Michelle Obama calls daughters dating ‘wonderful, they should know what they want’

As Michelle Obama tours with her new book, The Light We Carry, we’re going to get more and more soundbites from her. I’m glad because she gives a delightful blend of weighty subjects and lighthearted. She’ll also show us a few snapshots into the Obama life without giving too much away so it never feels invasive. While speaking with Robin Roberts, Michelle gave an update on her two daughters Sasha and Malia. They are both in their early 20s and living together in Los Angeles. And, as you might imagine, they’re dating. So how is the former First Couple handling their daughters having love lives? Michelle said they’re delighted, because adult women should be allowed to pursue healthy relationships without their parents breathing down their necks.

Michelle and Barack Obama are doing just fine with their daughters dating! The former FLOTUS talked about Sasha, 21, and Malia, 24, having grown-up relationships.

“I think it’s wonderful,” Michelle tells Robin Roberts during Sunday’s special 20/20 interview. “I want them to know what they want and who they are in a relationship. And that takes trying on some people.”

As for the former POTUS, he’s reacting to it surprisingly well. “Look, they are 24 and 21,” she says. “They were in high school. They went to prom. They’ve lived life. And he’s learned how to be a concerned Black father, but not crazy.”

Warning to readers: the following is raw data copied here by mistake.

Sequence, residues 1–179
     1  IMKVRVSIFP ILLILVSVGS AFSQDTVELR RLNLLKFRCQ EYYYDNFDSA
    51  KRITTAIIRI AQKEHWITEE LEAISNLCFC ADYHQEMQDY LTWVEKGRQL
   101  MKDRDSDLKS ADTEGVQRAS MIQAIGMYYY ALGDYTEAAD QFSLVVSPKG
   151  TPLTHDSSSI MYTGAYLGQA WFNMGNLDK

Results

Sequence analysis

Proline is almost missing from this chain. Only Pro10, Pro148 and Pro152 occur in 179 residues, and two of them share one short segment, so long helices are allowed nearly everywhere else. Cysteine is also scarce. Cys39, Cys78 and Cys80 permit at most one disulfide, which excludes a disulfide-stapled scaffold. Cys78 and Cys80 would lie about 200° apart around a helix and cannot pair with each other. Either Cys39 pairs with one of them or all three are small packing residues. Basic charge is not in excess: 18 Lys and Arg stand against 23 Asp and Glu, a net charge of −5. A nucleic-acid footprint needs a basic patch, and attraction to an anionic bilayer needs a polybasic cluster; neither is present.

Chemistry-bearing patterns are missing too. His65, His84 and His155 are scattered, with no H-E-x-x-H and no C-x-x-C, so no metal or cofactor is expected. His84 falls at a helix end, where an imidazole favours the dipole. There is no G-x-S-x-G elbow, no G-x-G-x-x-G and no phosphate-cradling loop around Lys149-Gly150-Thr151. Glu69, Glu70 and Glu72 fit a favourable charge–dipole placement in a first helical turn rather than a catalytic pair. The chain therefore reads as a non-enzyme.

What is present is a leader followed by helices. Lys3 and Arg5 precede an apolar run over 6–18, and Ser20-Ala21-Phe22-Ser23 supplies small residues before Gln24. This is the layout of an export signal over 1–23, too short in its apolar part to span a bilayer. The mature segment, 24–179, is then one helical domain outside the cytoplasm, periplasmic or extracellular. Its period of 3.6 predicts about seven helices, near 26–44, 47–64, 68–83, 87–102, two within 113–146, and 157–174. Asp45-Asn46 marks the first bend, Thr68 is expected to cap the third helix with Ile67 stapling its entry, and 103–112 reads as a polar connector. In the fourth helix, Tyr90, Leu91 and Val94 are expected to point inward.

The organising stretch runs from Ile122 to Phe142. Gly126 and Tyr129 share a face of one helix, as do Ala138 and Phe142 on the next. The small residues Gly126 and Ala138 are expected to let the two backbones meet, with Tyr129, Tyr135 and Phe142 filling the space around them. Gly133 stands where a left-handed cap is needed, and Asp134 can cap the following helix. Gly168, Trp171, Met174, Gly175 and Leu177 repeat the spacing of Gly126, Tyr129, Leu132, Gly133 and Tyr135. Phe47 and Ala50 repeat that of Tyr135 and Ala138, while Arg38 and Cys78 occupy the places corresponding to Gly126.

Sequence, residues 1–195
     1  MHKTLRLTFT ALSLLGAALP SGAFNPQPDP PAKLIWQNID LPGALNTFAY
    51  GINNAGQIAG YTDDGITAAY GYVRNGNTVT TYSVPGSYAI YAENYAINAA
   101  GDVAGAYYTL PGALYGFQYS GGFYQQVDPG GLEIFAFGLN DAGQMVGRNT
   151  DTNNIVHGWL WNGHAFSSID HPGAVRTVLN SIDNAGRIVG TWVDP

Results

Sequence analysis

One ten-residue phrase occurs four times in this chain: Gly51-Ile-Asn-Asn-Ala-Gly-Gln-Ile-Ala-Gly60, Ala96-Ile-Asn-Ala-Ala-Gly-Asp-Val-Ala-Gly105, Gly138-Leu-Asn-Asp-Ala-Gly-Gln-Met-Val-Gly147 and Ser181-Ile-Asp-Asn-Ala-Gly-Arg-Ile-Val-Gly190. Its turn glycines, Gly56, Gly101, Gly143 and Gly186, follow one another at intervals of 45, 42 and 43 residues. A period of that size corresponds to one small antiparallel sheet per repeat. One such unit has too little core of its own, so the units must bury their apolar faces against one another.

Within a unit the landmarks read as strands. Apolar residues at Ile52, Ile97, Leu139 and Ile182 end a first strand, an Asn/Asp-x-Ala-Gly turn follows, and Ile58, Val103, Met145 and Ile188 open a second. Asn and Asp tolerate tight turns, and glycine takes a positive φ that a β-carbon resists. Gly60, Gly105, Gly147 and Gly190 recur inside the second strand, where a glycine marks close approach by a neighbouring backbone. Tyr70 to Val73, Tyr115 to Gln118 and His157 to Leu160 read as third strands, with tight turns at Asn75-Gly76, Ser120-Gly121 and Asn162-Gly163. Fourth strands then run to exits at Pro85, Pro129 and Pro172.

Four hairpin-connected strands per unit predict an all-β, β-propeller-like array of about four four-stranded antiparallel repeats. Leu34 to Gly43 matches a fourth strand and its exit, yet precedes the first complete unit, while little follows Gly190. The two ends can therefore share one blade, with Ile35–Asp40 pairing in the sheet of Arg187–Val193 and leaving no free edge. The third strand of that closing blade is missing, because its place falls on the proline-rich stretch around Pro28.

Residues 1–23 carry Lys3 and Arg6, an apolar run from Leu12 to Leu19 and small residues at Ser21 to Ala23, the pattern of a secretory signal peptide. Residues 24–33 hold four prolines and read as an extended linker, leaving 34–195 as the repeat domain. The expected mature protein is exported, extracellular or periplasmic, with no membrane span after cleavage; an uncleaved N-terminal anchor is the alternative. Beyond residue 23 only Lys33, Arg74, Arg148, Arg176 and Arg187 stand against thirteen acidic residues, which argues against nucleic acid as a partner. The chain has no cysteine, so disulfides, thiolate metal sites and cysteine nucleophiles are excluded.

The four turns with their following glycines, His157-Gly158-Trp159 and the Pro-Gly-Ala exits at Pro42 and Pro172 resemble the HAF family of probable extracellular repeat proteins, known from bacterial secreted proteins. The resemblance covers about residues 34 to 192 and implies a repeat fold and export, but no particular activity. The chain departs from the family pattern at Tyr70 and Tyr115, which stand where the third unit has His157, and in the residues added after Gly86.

The Light We Carry author also shared that her girls are currently living together in Los Angeles. During her interview, the 58-year-old reveals her girls’ hosting style.

“They had prepared a charcuterie tray and tried to make two very weak martinis,” she tells Roberts. “They realized they didn’t have any of the ingredients, but they were trying to, they were hosting us. And it’s just fun, watching them become themselves.”

One thing that made Mrs. Obama laugh — Sasha and Malia’s sudden care for nice things — now that they have their own. Adding that she was “astonished” when they brought out the coasters to prevent water stains on their coffee table.

“They didn’t care about the water marks on my table in the White House, but ooh they got their coasters out,” she says. “So, you know, as you said, they were paying attention.”

[From ET]

I cannot tell you how refreshing this is to read. I loathe the “I’m going to meet my daughter’s date at the door with a baseball bat” humor/mentality. And I never understood my female friends who condone this talk either. Like b*tch, I was there – I know how you spent your youthful nights – and with whom. None of us were passing any purity tests. And why would we want to? Because to Michelle’s point, all those experiences, all those relationships and experiences, whether they were a coffee date, a casual on/off thing, a serious going-steady or a lost weekend, taught us a little more about ourselves and what we wanted from life. I love Michelle’s comments about Barack. A parent can be concerned without being crazy. Guidance does not equal control.